The cooler weather isn't quite here yet, but it's time to start preparing our calendars for Acadiana's plethora of fall events. Autumn means the start of stellar music and arts events like Downtown Alive!, The Performing Arts Society of Acadiana's new season, and Party Girl's personal favorite, Louisiana Crossroads. Because it's so hard to wait, Crossroads Director Todd Mouton was kind enough to put on a preview show of sorts with singer/songwriter Cary Hudson on Aug. 14 at Boulevard Grille. The usual suspects and a few new faces gathered for plenty of great tunes and a special menu featuring Cary Hudson Quesadillas. The top-shelf margaritas were a hit, too. Hudson sang about growing up in Mississippi, losing all of his belongings to Hurricane Katrina and even got the crowd singing with the gospel tune, "I'll Fly Away." In between sets, Party Girl visited with Eric Adcock, Julie Bordelon, Thelma McGoffin, Henry Florsheim and Ed and Elaine Abel. See you guys again around town this fall!
Also a sort of preview of its offerings for the younger generation, the Performing Arts Society's George Porter Jr. And Runnin' Pardners show at 307 Downtown made for a perfect Friday evening in Party Girl's book. Starting with a martini reception in the lounge, backed by the sounds of Lerone Rubin's quartet, the evening progressed to the back of the club where the pioneering Meters bassist took the stage. It was hard to sit at one of the round tables and not hit the dance floor when George started playing his funky grooves. "Hey Pocky A-Way" got everybody on their feet, and the music didn't stop until late in the evening. "Between the money raised for our instrument recycling program and the great live music, the night was a big hit!" says Development Director Laura Habetz. "So many people turned out, especially our young members, to hear the New Orleans legend and support our organization." Party Girl also gave PASA's Natalie LeBlanc a pat on the back for organizing the show, only to find out she's relocating to Baton Rouge for graduate school. Good luck, Natalie. Baton Rouge's gain is a loss for our arts scene!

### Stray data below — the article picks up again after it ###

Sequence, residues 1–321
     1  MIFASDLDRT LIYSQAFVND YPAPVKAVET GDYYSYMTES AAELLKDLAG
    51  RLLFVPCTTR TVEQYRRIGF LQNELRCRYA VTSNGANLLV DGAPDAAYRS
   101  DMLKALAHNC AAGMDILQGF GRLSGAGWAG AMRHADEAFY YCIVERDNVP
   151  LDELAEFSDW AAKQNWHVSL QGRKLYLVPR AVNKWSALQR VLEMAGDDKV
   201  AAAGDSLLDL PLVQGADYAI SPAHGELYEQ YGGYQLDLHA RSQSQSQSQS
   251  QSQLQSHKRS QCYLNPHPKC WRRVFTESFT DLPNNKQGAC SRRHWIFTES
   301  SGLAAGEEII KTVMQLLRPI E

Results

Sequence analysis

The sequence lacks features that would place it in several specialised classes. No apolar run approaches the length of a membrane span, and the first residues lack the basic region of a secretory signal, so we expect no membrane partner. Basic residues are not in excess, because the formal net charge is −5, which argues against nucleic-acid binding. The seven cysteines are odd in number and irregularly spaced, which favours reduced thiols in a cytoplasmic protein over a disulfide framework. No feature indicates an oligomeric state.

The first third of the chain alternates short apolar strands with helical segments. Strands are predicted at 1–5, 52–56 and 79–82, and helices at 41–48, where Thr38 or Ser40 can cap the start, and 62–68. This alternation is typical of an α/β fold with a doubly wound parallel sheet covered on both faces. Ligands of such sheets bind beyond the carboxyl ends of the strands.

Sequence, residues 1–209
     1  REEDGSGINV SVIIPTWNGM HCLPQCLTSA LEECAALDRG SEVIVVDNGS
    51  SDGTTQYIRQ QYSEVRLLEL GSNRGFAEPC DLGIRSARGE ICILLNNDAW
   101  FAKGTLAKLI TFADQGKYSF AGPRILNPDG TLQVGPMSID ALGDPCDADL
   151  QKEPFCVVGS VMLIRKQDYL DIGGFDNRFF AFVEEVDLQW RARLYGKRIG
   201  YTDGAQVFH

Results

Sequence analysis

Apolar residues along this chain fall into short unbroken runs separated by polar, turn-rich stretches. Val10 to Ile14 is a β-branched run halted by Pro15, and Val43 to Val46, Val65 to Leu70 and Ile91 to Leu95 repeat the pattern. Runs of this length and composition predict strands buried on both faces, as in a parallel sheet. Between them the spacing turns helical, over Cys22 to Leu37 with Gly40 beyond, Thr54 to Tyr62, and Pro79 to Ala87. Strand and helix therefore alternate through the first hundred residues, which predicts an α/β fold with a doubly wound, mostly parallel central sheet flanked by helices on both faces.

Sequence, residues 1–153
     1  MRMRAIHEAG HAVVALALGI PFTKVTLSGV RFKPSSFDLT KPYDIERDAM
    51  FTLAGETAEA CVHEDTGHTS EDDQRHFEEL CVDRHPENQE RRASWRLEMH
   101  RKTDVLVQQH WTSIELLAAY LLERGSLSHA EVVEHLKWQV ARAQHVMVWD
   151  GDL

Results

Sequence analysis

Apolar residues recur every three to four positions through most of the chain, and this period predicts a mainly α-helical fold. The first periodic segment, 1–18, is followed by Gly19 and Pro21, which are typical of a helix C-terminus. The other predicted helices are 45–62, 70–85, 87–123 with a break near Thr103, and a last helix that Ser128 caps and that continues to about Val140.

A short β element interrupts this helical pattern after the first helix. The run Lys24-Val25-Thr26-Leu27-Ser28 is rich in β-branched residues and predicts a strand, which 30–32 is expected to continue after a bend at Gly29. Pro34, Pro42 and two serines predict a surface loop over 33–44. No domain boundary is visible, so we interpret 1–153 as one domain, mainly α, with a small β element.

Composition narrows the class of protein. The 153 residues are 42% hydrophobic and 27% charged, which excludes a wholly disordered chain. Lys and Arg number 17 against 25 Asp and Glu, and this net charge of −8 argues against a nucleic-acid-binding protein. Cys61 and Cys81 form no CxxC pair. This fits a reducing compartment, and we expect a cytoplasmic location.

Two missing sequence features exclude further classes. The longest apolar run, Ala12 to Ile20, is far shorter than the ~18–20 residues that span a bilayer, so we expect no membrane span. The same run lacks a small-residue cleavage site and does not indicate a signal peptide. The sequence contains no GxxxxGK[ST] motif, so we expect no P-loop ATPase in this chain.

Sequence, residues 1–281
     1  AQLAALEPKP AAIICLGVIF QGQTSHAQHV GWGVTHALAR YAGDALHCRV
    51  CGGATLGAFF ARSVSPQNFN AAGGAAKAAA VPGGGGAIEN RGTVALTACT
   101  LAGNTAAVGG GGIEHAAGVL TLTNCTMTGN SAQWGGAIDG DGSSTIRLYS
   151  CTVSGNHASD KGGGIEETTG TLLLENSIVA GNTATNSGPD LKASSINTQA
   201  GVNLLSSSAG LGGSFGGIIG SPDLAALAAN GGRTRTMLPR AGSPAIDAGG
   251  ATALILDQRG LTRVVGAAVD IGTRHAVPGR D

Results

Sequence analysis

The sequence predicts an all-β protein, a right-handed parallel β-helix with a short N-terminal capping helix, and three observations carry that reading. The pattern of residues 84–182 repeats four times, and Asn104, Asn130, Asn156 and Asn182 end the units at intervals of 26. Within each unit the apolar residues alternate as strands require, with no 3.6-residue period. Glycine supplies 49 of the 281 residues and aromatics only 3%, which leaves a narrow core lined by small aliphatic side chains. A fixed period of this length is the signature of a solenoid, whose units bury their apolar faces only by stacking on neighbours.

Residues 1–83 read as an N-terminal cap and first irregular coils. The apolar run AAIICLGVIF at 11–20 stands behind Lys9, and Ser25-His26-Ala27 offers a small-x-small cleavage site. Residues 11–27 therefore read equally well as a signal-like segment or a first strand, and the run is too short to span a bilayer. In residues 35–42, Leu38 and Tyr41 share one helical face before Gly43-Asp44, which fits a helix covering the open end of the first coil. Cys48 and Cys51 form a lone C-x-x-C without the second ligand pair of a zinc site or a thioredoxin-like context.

David Calhoun and Elizabeth “EB” Brooks are the first two employees of Lafayette Central Park Inc., the nonprofit charged with turning Lafayette Consolidated Government’s 100-acre Johnston Street Horse Farm property into a passive public park. Calhoun was named executive director, and Brooks is director of planning and design.
Is it a crime for citizens to photograph, video, or take notes of a police officer in the line of duty, or a right protected by the First Amendment of the U.S. Constitution? Locally, such activity, as witnessed recently, will at the very least result in a night spent behind bars.
There will soon be a whole lot of shakin’ going on at Benny’s Sportshack Supplement Depot, a new concept by Opelousas native Benny Nele. Located at 2002 Johnston St., the supplement shop, smoothie bar and café, featuring hot off the press paninis and wraps, plans to open in late May.